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Transcript
PART II THE GRECO-ROMAN AND JUDEO-CHRISTIAN ROOTS
Chapter 4
I.
Classical Greece: Politics, Art, Drama
1.
In the seventh century B.C., a rising merchant class made its presence felt.
2.
This rising merchant class revolted against the nobility in several city-states
and set up a government under a tyrant.
3.
Other governments soon replaced the tyrannies.
4.
The form of government that replaced the city-state in Athens was
democracy, “rule by the people.”
Politics and Life in Ancient Athens
1.
Greek culture was concentrated in the polis (city-state), which included the
surrounding countryside.
2.
Public buildings were lavish compared to private homes, illustrating the importance
of the polis in the hearts and minds of the people.
3.
Citizenship was a privilege acquired at birth.
4.
Despite its democratic form of government, Athens, like all Greek city-states,
condoned slavery.
A. Role of Women
1.
2.
3.
Women had few legal rights but their role as family caregiver was
valued.
Greek drama includes strong intelligent female characters among the
upper classes.
Placing a woman in a formal leadership role as head of a city-state
would have been unthinkable during this time.
B. Peloponnesian War
1.
2.
3.
4.
II.
The great age of Athens fell between the end of the Persian and
Peloponnesian Wars (480–404 B.C.).
Athens won the first and lost the second of these wars.
The Peloponnesian War pitted Athens against a rival Greek city-state,
Sparta.
A history of the war was written by Thucydides.
The Classical Period: Architecture and Sculpture
A. The Greek Temple
1.
2.
The most distinctive elements of Greek temples were the shape and
scale of the columns combined with other features.
The two most important combinations or orders are the Doric and
Ionic; both were used in the fifth century B.C.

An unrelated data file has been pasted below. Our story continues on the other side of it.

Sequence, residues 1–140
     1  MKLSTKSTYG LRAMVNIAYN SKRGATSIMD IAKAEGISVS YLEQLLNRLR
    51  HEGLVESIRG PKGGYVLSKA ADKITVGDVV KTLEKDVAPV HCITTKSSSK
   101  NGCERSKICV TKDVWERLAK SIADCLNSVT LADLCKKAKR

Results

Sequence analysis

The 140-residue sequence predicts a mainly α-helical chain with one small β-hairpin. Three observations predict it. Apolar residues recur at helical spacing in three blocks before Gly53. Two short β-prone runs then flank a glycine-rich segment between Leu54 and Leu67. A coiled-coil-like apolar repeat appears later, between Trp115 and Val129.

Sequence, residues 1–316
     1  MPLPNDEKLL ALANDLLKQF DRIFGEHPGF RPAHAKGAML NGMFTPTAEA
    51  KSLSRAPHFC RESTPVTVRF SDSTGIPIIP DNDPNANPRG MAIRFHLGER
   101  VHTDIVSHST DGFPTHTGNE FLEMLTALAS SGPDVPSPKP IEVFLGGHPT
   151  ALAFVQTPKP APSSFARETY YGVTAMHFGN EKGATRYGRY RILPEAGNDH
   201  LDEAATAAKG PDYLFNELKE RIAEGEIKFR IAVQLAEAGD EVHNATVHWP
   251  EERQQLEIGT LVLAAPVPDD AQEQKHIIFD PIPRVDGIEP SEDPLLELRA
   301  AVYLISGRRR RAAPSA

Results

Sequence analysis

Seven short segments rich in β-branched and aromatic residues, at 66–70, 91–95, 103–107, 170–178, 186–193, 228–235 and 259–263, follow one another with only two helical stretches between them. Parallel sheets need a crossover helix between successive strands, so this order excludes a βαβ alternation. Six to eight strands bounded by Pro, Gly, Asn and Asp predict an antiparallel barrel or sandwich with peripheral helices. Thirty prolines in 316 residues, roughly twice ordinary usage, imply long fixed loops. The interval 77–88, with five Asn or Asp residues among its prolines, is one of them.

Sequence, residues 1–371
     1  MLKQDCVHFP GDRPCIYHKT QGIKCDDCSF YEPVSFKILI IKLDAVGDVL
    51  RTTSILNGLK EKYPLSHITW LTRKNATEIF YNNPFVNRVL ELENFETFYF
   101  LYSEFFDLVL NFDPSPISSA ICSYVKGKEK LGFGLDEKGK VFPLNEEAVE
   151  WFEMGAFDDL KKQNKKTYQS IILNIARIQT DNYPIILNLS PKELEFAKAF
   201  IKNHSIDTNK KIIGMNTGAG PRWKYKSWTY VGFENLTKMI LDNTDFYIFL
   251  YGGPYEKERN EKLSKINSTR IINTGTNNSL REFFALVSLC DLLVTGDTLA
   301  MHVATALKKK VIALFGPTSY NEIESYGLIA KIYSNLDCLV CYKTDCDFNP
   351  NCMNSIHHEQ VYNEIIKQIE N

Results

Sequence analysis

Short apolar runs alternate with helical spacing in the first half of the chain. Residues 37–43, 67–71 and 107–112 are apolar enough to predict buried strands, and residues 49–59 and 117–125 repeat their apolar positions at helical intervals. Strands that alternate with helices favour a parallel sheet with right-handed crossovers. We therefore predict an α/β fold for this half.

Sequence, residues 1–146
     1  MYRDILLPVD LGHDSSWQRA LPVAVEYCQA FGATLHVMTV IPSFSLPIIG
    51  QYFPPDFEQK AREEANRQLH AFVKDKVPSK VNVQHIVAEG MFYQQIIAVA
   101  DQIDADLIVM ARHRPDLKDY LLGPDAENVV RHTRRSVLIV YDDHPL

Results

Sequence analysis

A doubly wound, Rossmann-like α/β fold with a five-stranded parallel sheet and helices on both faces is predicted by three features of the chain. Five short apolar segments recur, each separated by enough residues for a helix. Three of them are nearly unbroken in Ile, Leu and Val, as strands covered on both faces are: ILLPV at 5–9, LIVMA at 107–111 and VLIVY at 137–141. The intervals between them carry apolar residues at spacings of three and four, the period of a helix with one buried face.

B. The Parthenon
1.
2.
3.
4.
The Parthenon (477–438 B.C.) was erected on the Acropolis after a
Greek triumph in the Persian War.
The Parthenon is a temple to Athena.
The Parthenon was built and designed by Kallicrates and Ictinus.
It was painted and polished and filled with statues, friezes, and other
works.
5.
A gold and ivory cult statue was placed at the far end from the door.
C. Early Classical Sculpture
1. The Kritios Boy, made in about 480 B.C., was found at the Acropolis.
2. The depiction is both idealized and natural, suggesting balanced
movement.
D. Classical Sculpture
1.
2.
3.
While not a freestanding work, Greek classical sculpture also achieved
expressive perfection in the frieze of the Panathenaic procession.
Some of the most beautiful forms of Greek sculpture in existence are
represented by the broken remains of the Parthenon’s pedimental
sculptures.
The Dionysus, as well as the Three Goddesses from the Parthenon’s
east pediment, are some of the better preserved remains of these
classical forms.
E. Classical Architecture and Sculpture Compared
1. A bronze sculpture called The Spearbearer by Polykleitos in many
ways epitomizes the classical ideal.
2. Similarly, Greek architecture applied principals of balance and
proportion associated with classical sculpture.
F. Other Classical Greek Buildings
1. The temple form was a complete entity with its own formalized rules;
yet within those rules, there was room for elaborate variation.
2. The Propylaea is a monumental gateway that is part of the Acropolis
complex of structure.
3. The Erectheum is another temple structure built at the Acropolis.
4. Greek architecture was enhanced by all of the other arts: music,
painting, music, dance, and drama.
5. Only vase paintings survive from the classical Greek period.
III.
From Classical to Hellenistic Sculpture
1. The rich and complex sculptures of the third and second centuries B.C.
are called Hellenistic.
2. Hellenistic works use the language of the classical period combined
with the local traditions, settings, and practices of a wide variety of
metropolitan centers throughout the Mediterranean.
3. The Cnidian Aphrodite, made in the fourth century B.C., was among
the first nude female sculptures.